At the recent Nonprofit Technology Conference (#17NTC), we talked about using Facebook ads to drive impact. For fun, we led the crowd through an exercise in creating an ad to retarget them – the audience themselves – after the conference. For fun, we also decided to run the ads and see what happened! Here’s what they looked like:
And here’s how we honed in on our target audience: nonprofit technology enthusiasts who had attended the #17NTC:
Smart, right? People who had recently been in DC and were interested in these quintessential nonprofit technology resources? We thought so too. But the data told a different story:
A $21.62 cost per results is close to the worst we’ve seen. #WhaleFail!
We could have stuffed this campaign under the rug and hoped no one would notice. But instead, we took the actions below and took ownership, dissected the problem, and remained positive about the impact Facebook ads can have for our goals.
The bottom line: do not let failure, or fear of failure, keep you from trying new things. Innovation is the only way to continue to reach your constituents in the ever-changing digital age, and we all must “run to the roar” when it comes to taking risks that will help us multiply our impact! Keep learning with us to stay up to date and – hopefully – prevent too many facepalms in your future.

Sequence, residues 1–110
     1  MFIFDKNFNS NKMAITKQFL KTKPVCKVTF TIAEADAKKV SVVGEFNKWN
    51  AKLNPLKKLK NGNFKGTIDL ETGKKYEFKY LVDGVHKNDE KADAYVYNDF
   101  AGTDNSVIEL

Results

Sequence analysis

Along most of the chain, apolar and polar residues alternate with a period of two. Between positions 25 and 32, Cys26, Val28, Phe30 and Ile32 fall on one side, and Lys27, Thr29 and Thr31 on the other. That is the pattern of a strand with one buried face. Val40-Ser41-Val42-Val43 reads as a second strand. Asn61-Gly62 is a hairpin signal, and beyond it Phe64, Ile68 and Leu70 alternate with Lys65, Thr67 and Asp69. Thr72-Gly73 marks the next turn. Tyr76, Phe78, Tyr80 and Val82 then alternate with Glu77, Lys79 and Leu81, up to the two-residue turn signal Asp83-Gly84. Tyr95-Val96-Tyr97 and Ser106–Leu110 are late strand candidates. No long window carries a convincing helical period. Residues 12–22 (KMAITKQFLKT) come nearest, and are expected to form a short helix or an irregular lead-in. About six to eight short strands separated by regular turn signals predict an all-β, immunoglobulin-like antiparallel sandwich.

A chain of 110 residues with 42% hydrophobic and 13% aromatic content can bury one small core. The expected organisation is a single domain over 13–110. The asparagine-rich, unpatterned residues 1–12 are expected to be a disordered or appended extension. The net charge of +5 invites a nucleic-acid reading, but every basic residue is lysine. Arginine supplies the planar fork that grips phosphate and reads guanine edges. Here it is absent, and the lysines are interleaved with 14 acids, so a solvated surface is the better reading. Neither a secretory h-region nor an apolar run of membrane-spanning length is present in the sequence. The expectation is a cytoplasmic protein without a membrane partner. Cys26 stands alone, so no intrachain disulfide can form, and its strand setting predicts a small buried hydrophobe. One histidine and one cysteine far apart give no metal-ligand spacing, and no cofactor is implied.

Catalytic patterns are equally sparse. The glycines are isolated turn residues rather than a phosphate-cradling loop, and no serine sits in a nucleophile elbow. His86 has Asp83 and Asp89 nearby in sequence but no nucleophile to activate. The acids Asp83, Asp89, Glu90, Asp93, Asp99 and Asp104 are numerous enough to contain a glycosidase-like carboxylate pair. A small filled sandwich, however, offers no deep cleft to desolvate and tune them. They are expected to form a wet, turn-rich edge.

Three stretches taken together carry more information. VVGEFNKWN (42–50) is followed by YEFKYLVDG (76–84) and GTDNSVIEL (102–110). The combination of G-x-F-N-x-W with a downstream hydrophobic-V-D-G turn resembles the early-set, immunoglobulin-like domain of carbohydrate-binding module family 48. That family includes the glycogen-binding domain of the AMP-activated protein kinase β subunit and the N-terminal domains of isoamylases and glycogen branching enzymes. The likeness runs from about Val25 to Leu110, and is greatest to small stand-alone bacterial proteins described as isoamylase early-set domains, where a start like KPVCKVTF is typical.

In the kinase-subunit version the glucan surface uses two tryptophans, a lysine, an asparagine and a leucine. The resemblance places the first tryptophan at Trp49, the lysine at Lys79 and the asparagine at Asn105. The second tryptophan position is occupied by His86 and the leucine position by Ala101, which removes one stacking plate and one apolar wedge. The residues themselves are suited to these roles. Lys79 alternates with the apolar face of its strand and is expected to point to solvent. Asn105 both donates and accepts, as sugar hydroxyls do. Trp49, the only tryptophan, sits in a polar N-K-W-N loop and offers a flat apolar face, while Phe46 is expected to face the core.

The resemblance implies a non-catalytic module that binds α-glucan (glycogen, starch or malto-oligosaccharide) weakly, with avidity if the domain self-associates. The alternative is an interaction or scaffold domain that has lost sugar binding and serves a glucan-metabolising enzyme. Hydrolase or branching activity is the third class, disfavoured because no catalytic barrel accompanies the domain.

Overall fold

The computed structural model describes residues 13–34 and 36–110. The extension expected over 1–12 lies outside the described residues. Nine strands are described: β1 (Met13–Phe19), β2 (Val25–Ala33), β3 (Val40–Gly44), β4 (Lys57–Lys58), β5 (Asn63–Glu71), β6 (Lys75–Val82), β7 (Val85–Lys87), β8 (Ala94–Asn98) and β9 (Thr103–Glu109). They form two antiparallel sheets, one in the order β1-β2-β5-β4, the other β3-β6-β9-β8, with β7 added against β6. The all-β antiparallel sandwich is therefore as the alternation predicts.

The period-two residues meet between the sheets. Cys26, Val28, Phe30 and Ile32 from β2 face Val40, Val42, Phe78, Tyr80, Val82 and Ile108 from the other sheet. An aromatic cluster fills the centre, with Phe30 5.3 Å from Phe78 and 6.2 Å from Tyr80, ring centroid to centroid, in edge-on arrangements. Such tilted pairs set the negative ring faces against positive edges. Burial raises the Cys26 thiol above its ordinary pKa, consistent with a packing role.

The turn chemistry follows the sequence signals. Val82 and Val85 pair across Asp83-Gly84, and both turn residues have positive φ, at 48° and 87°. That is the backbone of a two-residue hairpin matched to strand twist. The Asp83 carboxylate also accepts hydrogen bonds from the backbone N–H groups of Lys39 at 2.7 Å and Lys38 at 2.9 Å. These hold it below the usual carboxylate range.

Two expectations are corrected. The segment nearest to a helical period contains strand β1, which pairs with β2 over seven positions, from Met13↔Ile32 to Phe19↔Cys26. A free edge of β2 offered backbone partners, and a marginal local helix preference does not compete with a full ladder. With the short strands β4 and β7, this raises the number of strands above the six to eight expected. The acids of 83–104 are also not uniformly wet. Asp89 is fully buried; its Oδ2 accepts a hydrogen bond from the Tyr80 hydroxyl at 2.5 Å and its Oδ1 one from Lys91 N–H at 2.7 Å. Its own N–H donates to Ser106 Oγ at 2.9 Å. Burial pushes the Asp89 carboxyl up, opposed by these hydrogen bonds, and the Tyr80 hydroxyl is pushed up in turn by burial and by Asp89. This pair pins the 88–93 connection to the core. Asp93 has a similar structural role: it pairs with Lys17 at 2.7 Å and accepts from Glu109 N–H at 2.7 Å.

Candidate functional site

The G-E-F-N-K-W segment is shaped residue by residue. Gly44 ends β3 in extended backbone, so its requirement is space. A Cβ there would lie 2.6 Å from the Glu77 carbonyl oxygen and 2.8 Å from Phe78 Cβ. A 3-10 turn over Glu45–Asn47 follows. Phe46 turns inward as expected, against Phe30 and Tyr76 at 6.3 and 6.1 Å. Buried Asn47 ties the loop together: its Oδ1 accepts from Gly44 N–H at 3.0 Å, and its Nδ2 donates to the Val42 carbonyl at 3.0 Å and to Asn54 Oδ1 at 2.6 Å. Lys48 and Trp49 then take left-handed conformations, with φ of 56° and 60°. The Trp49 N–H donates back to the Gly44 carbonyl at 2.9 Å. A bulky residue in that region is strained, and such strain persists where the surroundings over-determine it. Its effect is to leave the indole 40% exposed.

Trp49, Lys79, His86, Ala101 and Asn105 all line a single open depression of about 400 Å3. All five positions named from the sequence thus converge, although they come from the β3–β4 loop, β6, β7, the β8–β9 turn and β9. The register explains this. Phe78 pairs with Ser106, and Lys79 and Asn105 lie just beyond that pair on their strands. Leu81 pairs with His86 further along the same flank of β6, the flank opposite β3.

Risk-Taking in Nonprofit Technology
As nonprofit techies, we have to constantly try new things and keep up with trends in order to make the most impact for our organizations. Often that means taking a risk on a new idea, platform, tool, or approach. Sometimes, these risks bring huge wins: that new Instagram Story is driving hundreds of sessions to our site! That email A/B test increased our open rate by 25%! That new donate button is driving more donors than ever!
And sometimes, it’s a big ol’ fail. Subscriptions decrease. Bounce rate skyrockets. Our users unfollow us on social. Or, in a recent case here at Whole Whale, we waste $150 on ads that drive barely any engagement.
How we deal with failure determines how we will innovate in the future.
So how do we respond in these facepalm moments?
Communicate with honesty and transparency.
Own the flop. Help your superiors and team members understand exactly what happened and why. No need to sugar-coat it: honesty will breed trust and respect from others in the long haul.
Hold a post-mortem.
What exactly went wrong here? Is there data that can help us understand why this initiative failed? What can we learn that will help us do better next time? If we can find insights that help us improve, this might not be a total failure after all.
At the end of the day, does it really matter if a few dozen people unsubscribe from your list, or if you essentially flush $150 down the drain? No. We are not doctors. Breathe in, and repeat after me: Small children will not die. What’s important is to learn from this experience without discouraging future strategic risk-taking.